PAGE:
Journals have a long history as a means of self-expression, and they can be used as learning tools in adult education. Types of journals include the reader response journal or literature log, the learning journal, the reflective journal, and the electronic journal. Journal writing offers several benefits for adult learners: journals are less threatening and closer to natural speech; they document mental processes; and they can be used as a tool for growth through critical reflection. Obstacles to students writing reflectively include the following: their lack of proficiency with reflective writing, fear resulting from open-ended writing requirements, privacy issues, and unequal balance of power between teacher and students. To overcome some of the obstacles of open-ended assignments, students should be given some guidelines that answer such questions as the following: "What is a journal?"; "What do I write?"; "Why keep it?" and "How will it be used?" Four factors affect willingness and ability to reflect: individual developmental level, perception of the trustworthiness of the teacher, clarity and nature of the expectations of the journal, and quantity and quality of feedback. Several teaching strategies can be used to encourage reflection. Teachers can serve as mentors and coaches, steering adult learners to document their learning journey through journal writing. (Contains 18 references.) (KC)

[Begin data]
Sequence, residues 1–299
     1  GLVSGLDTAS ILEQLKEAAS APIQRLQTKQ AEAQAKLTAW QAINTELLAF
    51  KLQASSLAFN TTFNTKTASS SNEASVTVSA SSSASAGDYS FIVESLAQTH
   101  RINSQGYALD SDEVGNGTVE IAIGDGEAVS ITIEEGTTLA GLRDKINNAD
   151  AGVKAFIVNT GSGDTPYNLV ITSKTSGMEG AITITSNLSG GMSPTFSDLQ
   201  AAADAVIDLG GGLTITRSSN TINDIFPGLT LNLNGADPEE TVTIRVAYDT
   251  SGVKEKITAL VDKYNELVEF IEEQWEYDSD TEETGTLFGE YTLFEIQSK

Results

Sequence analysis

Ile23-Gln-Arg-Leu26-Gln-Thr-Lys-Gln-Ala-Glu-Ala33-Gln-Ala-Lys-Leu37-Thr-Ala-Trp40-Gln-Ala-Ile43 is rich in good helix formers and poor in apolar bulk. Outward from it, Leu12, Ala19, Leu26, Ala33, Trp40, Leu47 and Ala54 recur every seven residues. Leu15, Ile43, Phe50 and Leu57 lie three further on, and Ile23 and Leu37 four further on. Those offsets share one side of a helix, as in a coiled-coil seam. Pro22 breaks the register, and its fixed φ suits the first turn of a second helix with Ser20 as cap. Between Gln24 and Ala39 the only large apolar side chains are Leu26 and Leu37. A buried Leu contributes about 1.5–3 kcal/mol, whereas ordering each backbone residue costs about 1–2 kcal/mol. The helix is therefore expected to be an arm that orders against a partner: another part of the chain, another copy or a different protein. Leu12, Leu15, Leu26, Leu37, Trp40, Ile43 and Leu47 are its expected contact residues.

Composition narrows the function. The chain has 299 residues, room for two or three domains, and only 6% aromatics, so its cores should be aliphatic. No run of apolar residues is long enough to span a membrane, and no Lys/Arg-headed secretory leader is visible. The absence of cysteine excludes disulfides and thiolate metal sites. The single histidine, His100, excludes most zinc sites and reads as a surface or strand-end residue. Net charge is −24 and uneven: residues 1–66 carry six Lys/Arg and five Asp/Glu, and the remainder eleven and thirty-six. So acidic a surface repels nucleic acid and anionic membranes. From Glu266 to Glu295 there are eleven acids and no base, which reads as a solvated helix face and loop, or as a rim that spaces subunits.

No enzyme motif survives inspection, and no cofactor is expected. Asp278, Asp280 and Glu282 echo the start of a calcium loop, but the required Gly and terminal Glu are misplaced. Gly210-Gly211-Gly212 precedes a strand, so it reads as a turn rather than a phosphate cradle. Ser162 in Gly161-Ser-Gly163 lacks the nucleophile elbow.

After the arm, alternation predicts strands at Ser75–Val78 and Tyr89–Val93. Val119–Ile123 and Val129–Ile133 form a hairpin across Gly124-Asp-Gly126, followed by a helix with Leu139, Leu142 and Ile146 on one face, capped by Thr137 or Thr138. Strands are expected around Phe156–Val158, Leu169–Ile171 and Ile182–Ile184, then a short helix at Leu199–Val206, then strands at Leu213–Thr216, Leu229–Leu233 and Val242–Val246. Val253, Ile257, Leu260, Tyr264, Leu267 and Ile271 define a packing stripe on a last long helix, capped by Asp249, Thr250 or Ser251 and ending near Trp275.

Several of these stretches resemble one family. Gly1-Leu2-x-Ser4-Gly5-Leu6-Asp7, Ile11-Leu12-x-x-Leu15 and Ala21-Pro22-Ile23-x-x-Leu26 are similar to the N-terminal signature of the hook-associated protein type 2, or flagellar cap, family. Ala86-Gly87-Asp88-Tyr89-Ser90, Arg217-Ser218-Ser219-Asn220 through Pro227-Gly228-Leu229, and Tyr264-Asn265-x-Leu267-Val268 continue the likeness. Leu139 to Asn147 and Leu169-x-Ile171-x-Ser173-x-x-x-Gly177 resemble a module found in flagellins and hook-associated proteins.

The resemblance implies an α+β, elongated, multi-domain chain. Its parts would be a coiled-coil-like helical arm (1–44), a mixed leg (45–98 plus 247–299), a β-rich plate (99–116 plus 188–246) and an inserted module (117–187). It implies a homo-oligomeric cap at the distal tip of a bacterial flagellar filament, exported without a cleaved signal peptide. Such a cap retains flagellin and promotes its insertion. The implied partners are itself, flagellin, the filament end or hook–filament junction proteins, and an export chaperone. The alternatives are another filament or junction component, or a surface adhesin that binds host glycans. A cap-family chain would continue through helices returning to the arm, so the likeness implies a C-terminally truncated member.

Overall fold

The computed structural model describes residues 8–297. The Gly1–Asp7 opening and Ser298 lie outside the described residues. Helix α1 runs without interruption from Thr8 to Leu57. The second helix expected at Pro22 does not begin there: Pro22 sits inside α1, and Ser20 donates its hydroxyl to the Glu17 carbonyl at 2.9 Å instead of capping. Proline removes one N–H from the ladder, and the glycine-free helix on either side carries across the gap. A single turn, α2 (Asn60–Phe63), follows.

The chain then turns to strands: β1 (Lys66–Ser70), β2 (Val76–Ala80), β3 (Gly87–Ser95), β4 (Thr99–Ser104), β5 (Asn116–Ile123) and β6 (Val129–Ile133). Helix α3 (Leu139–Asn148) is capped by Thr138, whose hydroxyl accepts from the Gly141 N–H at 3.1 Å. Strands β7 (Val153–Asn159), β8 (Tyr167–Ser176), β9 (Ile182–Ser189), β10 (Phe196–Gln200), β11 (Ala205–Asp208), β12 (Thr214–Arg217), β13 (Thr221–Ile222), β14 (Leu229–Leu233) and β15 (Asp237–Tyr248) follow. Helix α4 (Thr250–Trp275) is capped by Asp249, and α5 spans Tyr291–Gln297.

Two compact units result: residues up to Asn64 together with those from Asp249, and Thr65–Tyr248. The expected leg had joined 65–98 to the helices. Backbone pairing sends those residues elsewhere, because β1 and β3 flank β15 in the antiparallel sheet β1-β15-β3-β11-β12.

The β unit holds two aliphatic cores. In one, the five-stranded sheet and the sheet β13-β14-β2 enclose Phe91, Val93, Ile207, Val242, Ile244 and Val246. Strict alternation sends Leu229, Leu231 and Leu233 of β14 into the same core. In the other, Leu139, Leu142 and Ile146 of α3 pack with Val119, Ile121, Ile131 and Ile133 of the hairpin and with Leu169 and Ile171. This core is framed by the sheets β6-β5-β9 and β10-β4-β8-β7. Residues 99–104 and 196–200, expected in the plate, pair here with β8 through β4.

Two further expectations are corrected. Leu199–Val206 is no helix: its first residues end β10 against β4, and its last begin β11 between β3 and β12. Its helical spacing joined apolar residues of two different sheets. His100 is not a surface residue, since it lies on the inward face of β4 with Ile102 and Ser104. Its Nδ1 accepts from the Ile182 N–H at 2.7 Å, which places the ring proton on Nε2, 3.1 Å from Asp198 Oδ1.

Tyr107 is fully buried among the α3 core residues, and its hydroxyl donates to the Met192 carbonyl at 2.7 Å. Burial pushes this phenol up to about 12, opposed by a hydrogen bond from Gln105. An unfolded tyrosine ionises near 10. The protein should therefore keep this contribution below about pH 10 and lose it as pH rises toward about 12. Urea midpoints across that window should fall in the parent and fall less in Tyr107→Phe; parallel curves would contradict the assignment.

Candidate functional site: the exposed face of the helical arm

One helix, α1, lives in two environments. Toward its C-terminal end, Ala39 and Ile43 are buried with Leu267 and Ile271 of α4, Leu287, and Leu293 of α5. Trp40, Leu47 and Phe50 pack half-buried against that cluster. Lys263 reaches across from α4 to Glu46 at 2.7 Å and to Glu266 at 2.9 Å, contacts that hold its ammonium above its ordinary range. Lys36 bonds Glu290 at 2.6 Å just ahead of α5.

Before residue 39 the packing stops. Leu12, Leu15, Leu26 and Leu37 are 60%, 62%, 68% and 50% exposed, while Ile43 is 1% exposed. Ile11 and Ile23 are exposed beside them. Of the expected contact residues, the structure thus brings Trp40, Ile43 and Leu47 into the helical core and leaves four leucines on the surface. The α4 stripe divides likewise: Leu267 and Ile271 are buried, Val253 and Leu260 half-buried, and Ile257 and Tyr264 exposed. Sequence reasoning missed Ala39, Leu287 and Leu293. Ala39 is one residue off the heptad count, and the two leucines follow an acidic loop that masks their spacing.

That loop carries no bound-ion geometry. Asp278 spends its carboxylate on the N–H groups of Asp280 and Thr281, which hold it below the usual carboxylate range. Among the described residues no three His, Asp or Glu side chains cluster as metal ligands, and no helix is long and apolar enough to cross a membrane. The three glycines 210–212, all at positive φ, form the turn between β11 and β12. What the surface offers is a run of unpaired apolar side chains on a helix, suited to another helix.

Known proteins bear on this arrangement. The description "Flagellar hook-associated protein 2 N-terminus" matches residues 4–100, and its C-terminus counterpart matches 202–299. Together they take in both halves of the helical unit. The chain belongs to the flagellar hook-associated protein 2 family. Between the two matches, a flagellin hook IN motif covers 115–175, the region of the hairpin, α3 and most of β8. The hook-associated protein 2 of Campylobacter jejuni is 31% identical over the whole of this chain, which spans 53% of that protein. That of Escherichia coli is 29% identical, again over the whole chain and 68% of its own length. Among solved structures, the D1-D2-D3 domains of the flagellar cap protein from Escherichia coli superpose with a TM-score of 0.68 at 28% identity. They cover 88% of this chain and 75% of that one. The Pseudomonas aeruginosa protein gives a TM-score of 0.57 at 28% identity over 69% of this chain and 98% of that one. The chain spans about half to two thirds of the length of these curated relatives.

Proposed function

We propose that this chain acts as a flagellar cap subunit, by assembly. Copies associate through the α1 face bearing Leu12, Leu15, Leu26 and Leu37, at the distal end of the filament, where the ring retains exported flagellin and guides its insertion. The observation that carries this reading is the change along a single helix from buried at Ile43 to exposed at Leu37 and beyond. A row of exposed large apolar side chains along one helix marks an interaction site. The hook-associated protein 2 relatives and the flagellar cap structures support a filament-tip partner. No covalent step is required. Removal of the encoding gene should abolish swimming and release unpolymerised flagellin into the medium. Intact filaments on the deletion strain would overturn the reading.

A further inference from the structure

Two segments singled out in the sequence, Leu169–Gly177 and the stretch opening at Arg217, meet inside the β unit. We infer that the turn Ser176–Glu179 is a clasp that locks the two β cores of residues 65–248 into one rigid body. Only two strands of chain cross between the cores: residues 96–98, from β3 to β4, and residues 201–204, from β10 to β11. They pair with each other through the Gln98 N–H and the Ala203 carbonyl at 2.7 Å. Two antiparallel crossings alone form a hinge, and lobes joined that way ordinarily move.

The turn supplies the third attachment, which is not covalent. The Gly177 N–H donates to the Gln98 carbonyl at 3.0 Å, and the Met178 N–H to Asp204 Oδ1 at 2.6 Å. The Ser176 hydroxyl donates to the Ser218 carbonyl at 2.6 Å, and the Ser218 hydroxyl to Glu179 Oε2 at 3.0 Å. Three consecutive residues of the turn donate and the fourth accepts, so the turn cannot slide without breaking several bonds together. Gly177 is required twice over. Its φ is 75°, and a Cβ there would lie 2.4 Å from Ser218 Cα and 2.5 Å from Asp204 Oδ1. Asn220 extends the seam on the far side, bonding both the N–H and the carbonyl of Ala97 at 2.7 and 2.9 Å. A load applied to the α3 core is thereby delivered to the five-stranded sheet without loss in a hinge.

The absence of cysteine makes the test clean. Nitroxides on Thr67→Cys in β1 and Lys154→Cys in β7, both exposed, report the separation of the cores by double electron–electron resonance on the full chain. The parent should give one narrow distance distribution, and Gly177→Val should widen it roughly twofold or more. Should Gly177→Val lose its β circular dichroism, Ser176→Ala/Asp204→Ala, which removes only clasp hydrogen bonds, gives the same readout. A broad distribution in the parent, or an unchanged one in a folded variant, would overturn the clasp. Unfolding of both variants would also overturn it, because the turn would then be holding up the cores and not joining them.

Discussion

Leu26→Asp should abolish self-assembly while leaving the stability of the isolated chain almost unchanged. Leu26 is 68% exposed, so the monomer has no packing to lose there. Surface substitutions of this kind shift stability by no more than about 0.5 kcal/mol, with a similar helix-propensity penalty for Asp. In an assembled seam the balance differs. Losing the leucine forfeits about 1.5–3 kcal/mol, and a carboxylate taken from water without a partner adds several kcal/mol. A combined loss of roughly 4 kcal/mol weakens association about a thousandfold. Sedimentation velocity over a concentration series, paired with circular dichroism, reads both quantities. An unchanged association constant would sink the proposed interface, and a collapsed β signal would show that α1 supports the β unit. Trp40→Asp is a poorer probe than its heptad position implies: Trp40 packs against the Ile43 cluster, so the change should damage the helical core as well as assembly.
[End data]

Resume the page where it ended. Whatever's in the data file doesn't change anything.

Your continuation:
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ERIC Clearinghouse on Adult, Career, and Vocational Education, Columbus, OH.
Office of Educational Research and Improvement (ED), Washington, DC.